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Grantee in the News: David Walker Identifies Gene That May Slow Aging Process

Sep 4
2014

Grantee in the News: David Walker Identifies Gene That May Slow Aging Process View MoreBACK

On September 4, 2014, Cell Reports released research authored by 2009 AFAR Award recipient, David Walker, Ph.D., showing that activation of the gene AMPK in fruit flies increased average lifespan by 30%, from roughly 6 to 8 weeks.

AMPK, a gene that also exists in humans, is a key energy sensor in cells and is activated only when cellular energy is low.  Once activated, AMPK helps to cleanse the cell of old and damaged cellular components.  Dr. Walker’s team found that activating the gene in one organ, such as the easier to access intestines, also initiated AMPK in harder to reach nervous system cells.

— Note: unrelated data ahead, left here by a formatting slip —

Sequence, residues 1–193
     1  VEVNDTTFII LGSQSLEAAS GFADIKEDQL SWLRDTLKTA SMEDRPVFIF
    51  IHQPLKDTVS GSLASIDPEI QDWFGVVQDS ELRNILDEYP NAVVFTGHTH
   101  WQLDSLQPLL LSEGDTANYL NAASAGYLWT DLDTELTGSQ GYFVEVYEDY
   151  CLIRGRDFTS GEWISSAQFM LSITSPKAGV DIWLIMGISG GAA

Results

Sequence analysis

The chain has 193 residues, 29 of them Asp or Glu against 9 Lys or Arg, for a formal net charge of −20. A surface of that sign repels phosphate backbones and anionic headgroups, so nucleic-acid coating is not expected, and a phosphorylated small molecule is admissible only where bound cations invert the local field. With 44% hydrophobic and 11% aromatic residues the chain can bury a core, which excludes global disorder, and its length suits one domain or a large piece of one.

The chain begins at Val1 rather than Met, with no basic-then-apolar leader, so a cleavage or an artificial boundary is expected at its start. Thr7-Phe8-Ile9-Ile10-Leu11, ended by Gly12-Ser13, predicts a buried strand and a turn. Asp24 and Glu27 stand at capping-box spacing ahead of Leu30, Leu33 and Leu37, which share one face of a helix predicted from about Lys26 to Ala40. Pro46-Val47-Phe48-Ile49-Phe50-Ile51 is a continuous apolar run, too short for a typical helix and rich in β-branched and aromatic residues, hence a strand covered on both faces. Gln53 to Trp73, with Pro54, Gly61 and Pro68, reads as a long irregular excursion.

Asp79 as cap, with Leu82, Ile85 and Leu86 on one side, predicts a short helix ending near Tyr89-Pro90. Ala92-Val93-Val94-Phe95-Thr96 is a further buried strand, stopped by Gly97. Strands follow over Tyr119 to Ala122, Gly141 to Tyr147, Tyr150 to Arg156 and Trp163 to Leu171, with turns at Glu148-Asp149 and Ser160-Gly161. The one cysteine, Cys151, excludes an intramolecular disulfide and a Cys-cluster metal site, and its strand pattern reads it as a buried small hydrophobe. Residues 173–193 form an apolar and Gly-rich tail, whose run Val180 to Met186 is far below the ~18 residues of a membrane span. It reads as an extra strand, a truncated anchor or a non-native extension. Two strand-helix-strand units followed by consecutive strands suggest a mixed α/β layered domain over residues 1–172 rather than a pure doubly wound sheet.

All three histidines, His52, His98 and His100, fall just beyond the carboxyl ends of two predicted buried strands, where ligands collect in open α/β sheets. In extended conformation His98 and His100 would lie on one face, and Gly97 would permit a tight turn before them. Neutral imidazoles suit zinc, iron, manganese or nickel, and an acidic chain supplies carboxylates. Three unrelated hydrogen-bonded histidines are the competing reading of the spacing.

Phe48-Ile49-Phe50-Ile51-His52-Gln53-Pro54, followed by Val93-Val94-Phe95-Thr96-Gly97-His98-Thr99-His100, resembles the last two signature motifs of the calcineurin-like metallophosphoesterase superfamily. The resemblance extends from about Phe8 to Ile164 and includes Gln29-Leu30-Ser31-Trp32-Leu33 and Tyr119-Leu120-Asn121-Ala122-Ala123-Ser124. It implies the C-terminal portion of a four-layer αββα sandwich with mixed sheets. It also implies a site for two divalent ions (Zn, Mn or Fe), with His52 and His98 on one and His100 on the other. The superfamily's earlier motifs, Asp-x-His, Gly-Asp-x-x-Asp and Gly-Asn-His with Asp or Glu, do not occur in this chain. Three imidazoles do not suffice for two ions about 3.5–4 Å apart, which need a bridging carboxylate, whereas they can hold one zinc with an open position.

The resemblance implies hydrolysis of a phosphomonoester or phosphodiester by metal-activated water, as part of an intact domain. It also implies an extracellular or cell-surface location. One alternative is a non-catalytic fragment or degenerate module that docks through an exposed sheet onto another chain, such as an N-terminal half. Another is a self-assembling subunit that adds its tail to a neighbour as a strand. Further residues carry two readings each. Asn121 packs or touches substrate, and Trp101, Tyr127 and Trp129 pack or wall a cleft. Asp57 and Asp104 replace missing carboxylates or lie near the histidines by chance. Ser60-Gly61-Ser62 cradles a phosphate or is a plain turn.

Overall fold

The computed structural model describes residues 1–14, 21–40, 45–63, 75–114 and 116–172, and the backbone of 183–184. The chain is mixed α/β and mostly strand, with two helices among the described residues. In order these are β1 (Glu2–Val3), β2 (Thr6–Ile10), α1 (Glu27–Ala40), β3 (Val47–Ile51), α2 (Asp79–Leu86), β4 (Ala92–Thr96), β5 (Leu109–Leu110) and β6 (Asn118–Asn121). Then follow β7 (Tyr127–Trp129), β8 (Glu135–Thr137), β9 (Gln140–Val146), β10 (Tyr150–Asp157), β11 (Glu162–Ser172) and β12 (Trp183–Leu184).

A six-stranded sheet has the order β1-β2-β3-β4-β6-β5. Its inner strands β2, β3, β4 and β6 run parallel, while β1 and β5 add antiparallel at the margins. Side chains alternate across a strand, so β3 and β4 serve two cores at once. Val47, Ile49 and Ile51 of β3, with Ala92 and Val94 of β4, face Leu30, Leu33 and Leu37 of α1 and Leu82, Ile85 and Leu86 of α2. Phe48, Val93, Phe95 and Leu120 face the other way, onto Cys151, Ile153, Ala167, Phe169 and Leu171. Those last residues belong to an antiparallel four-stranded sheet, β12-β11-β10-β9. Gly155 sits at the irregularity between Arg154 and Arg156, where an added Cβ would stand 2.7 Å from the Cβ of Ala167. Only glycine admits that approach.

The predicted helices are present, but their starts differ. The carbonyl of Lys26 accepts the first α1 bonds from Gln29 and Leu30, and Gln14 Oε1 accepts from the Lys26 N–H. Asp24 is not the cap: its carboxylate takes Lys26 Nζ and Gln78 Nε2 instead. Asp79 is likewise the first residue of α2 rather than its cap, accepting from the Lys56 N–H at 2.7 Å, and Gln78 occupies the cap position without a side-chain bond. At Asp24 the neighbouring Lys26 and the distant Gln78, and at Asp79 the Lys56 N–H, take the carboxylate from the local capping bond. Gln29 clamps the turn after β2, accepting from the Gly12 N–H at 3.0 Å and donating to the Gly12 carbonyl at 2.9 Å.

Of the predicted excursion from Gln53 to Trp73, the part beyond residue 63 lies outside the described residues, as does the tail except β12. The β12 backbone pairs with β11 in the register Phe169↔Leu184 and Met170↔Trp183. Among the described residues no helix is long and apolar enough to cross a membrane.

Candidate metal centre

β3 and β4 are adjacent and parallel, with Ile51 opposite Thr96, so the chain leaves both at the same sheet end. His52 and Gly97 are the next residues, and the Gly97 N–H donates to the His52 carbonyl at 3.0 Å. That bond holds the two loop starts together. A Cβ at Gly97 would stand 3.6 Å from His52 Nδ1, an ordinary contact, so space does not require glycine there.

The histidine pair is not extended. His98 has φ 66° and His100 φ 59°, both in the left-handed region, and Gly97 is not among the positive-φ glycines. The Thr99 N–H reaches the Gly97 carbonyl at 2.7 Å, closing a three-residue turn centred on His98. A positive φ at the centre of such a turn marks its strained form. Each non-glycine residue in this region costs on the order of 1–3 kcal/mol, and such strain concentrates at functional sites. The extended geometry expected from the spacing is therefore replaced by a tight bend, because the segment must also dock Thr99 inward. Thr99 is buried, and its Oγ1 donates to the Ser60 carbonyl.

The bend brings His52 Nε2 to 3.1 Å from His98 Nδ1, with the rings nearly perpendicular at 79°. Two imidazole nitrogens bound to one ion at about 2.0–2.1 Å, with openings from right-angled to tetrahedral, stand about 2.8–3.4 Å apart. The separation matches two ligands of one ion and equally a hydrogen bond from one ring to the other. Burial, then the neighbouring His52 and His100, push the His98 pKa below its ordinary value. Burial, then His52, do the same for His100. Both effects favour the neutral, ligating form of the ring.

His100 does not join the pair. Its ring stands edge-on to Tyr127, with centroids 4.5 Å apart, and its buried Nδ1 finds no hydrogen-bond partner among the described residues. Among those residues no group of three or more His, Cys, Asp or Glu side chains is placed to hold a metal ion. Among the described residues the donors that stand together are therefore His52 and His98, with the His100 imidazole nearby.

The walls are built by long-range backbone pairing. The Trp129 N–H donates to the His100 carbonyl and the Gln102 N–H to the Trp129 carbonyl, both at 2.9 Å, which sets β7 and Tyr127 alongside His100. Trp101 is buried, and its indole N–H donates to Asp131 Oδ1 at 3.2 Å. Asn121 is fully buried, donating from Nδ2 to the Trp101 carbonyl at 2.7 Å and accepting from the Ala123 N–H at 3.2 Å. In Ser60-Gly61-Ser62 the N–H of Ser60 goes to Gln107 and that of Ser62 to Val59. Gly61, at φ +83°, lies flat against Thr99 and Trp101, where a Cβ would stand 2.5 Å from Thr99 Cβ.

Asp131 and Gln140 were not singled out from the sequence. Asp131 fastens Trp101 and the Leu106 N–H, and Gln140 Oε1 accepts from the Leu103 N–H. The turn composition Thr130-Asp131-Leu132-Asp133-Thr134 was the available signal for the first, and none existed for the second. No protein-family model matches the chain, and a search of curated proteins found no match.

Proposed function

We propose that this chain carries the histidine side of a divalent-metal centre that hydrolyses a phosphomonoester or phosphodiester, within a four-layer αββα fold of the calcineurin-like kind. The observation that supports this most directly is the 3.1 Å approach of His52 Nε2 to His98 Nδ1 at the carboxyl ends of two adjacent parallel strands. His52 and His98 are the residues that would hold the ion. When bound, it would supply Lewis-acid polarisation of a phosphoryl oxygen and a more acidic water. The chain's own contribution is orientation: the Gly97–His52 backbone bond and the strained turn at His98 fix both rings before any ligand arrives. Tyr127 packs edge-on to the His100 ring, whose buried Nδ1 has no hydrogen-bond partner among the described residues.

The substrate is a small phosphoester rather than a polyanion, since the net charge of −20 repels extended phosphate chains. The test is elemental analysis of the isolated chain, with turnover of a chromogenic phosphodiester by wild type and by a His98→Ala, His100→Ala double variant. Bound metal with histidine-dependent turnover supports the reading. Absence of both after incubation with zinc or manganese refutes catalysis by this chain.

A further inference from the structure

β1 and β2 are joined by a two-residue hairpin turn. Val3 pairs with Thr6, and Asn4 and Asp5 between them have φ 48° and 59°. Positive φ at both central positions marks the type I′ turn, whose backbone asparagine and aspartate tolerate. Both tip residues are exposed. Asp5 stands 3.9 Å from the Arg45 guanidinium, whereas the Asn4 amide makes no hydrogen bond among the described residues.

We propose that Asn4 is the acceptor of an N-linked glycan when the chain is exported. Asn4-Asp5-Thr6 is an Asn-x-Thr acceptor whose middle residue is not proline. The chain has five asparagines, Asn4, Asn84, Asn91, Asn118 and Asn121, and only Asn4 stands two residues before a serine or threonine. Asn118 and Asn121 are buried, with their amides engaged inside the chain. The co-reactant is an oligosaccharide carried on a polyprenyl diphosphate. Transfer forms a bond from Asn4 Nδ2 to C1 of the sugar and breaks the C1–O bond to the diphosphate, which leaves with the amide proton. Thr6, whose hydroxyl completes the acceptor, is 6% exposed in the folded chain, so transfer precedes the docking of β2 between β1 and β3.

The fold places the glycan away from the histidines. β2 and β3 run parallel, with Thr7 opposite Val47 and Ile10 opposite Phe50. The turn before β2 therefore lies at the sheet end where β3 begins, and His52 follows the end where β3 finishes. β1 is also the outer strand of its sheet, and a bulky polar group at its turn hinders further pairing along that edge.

This finding is significant because activation of the gene could help clear the build-up of protein aggregates associated with Alzheimer’s and Parkinson’s disease.

David Walker, Ph.D., is an Associate Professor in the Department of Integrated Biology and Physiology at the University of California, Los Angeles.

The fruit fly, used which was for Dr. Walker’s research, is a good model for studying aging in humans because scientists have identified all of the fruit fly’s genes and know how to switch individual genes on and off.  Learn more about how animal models are utilized in biomedical studies on the process of aging here.





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